“It could certainly help establish benchmarks. Say Officer John in Beijing had 200 complaints and Joe in Ankara only had three complaints. You could go deep into the data to improve customer satisfaction,” Jade noted.
NDP immigration critic Jenny Kwan agrees.
“An ombud’s office would bring accountability and transparency to the system and individual (decision-making). It would save people’s time and agony,” said Kwan, whose party supported the idea in its campaign platform.
For too long, Boulakia said, the Liberals under Jean Chrétien had taken a laissez faire approach in the immigration operation, letting bureaucrats run the department — making the system less transparent and more difficult for applicants.
That culture was further reinforced under the Stephen Harper government, despite the Conservatives’ micro-management approach in the immigration operation, he explained.
Immigrant support gradually slipped for the Chrétien Liberals because of neglect and lack of resources for the immigration department, said Boulakia. While immigrant communities initially bought into the Tories’ higher efficiency and anti-fraud immigration agenda, the support could only be sustained if officials continued to be indifferent to their interests and voices.
“The protest vote helped elect the (Justin) Trudeau Liberals, but eventually the same is going to happen if the government remains indifferent to their concerns,” said Boulakia, adding that culture of “neglect and excuse-making” in the immigration department must change.
People caught up in bureaucracy:
- ‘We feel helpless’:
Sufia Alam had travelled to Toronto to visit her parents many times since they moved here in 1995. But in 2009, the Bangladeshi homemaker’s request for a visa was turned down, as were requests in 2013 and 2014 because the visa officer was not satisfied Sufia, 51, would leave at the end of her trip. Her dad, Moyeenul Alam, 79, a retired journalist, is baffled since Sufia has had no problem visiting the U.S. Now, to see their daughter, the Alams have to take an 800-km bus trip to a relative’s home in Virginia when Sufia visits. “We just feel helpless,” says Alam.
- Misplaced numbers, lost time:
If it wasn’t for misplaced cellphone numbers and a document that went astray, Barbara Falk and her refugee sponsorship group wouldn’t have been leasing an empty apartment for several months. Their application to sponsor a Syrian family was approved in January, but then weeks passed without a word. Falk called immigration and was told documents were mailed to the family in Lebanon instead of being sent to their smart phones. The family said the documents never arrived and was told the father’s military record went missing and had to be resubmitted, adding further delays. “The tragedy here is that, but for the loss of information about the cellphone numbers and the second loss of the military service document, this family would have boarded a flight to Canada and been with us today,” Falk said. Immigration, however, said no documents were misplaced and the application is at the security checks stage.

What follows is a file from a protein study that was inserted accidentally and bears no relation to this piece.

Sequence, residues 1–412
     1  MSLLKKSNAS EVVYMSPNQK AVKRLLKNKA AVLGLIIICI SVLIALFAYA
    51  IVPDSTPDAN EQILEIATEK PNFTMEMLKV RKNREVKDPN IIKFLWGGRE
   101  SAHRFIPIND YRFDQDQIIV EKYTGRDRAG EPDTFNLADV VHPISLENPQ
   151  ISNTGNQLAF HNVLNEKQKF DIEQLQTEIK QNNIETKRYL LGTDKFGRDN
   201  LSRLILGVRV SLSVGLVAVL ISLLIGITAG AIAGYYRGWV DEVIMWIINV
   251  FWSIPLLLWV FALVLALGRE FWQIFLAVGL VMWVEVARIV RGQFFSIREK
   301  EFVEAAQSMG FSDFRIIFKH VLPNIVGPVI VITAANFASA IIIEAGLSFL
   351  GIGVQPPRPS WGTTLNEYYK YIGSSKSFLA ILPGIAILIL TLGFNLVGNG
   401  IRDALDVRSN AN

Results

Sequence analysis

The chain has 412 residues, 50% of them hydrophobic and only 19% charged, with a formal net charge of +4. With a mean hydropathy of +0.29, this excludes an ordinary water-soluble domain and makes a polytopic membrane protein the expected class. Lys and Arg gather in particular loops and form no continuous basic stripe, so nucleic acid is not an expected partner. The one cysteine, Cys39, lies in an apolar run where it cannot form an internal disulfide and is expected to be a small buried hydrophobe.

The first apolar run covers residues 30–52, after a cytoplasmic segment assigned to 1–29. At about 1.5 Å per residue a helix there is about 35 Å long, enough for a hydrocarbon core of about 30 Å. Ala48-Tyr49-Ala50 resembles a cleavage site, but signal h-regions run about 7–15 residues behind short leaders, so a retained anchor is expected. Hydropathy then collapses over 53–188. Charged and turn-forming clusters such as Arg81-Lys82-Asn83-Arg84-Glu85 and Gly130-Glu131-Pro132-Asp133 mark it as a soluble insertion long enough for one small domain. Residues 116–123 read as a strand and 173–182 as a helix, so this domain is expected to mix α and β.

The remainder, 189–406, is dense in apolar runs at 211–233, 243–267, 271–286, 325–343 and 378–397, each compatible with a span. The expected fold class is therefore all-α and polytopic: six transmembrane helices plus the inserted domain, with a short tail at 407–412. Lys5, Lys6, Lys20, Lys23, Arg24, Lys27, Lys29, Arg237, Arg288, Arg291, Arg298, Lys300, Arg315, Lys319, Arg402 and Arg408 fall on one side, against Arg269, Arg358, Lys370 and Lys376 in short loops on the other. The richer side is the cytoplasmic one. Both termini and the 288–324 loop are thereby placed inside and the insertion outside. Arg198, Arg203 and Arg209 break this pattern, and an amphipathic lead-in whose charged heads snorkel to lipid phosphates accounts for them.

- Frustration over long wait:
Gamjit Kaur, a foreign student from India, applied for permanent residency in Canada under the Canadian Experience Class in July 2013, after getting work experience as an early child educator at a Montessori school. In February 2014, she was told to pay her landing fee and go for a medical exam. Her application has since been stalled. “I put in an access to information request and got the officials’ notes on my file. There’s no issue of my eligibility or medical. Everything was clear,” said the 30-year-old. The processing time for CEC has gone up from 13 months to 19 months, but my application has now taken 34 months. Can someone explain to me why it’s taking so long for no reason?”
- Checking the wrong box:
Torontonian Alexandra Mastronardi submitted a spousal sponsorship application for her British partner, Steven Jackson, in June 2014. She checked the box marked “conjugal” in describing their relationship because at that point they had only lived together for four months and didn’t meet the one-year minimum to be classified as “common-law.” Trouble is, almost 18 months passed before the couple’s application was dealt with. It was denied: “I am not satisfied that there were any legal or other impediments to you either marrying or cohabiting with your partner prior to your sponsorship application,” said the rejection letter. “I am not satisfied that you would suffer unusual and undeserved or disproportionate hardship as a result of the refusal of your application, given that you appear eligible to apply under another family class category, namely common-law partner.” The couple is pondering their next step.
- Glaring ‘clerical error’:
An office administrator, Aussie Rose-Mary Torbarac had worked in Calgary for 20 months and applied for permanent residency in March 2014. On Jan. 18, she received an email from immigration saying her application was approved and asking her to pay the landing fee to finalize the process. Six hours and 41 minutes after submitting all the requested documentation and the fee, the Sydney native received another email telling her to “disregard” the previous letter, sent to 9,000 immigration applicants in a clerical error. “Putting in any sort of application for immigration isn’t just a huge deal. It’s life changing. You expect when you raise concerns, answers will be given. When you point out issues, people will be held accountable for their mistakes,” she said. “This has not happened.”